Fibrodysplasia Ossificans Progressiva
Date of submission: 04-12-2020 | Date of acceptance: 16-03-2021 | Published: 03-10-2021
Fibrodysplasia ossificans progressiva (FOP) is an extremely rare disease with an estimated prevalence of 1/2000000. Classic FOP is caused by a recurrent activating mutation in the gene ACVR1 / ALK2. It has an autosomal dominant transmission pattern but in most cases occurs spontaneously. (1)
Patients with classical FOP are initially asymptomatic, presenting only characteristic congenital malformations of the great toes (1). In the first decade of life it manifests as acute sporadic episodes of painful soft tissue sweling. Although some exacerbations spontaneously regress, some develop heterotopic ossification of the affected soft tissues.(2)
Over time these extra articular heterotopic formations condition the child’s mobility, having a cumulative effect, conditioning the development of thoracic insufficiency syndrome, reducing markedly life expectancy. (3)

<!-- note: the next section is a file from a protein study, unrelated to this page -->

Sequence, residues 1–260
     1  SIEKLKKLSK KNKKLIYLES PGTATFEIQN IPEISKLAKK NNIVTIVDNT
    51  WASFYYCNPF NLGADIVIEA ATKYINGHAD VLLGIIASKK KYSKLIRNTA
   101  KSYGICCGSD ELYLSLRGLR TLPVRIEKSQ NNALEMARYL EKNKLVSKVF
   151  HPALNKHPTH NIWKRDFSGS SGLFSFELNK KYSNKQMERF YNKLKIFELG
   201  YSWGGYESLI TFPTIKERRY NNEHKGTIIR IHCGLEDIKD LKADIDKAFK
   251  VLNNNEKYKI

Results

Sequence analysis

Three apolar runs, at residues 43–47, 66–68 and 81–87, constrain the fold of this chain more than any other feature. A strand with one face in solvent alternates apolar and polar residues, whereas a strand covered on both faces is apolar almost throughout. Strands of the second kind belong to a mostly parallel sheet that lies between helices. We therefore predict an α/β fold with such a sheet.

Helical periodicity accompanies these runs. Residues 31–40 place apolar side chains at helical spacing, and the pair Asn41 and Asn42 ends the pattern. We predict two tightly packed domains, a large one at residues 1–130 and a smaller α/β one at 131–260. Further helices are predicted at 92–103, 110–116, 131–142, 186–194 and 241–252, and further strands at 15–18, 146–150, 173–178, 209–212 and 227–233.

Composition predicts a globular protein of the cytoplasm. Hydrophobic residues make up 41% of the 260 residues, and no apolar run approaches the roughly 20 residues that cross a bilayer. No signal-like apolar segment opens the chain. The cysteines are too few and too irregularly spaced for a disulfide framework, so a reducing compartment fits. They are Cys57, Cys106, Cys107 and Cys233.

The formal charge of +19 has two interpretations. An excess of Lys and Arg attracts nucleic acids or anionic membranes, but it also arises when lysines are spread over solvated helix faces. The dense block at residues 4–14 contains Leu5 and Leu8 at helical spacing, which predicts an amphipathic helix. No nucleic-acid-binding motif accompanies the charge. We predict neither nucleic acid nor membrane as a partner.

We present a case of a 13-year-old boy, born in Guinea Bissau, referred to a pediatric hospital at the age of 2, for evaluation and clinical follow-up in the context of sporadic episodes of generalized pain and dispersed swellings. He was diagnosed with FOP, with genetic testing confirmation.
In the following years he had multiple sporadic episodes of painfull soft tissue swelling, which often progressed to stiffness and decreased mobility of the affected joints. The disease predominantly affected both elbows, both coxo femoral articulations and the dorsal spine.
We present two images documenting the progression of the disease over the years, figure 1 and 2, we can verify ill-defined radio-opaque neoformations in the upper left limb and coxo femoral joints, and its expansion over time conditioning rigid ankylosis of the affected joints.
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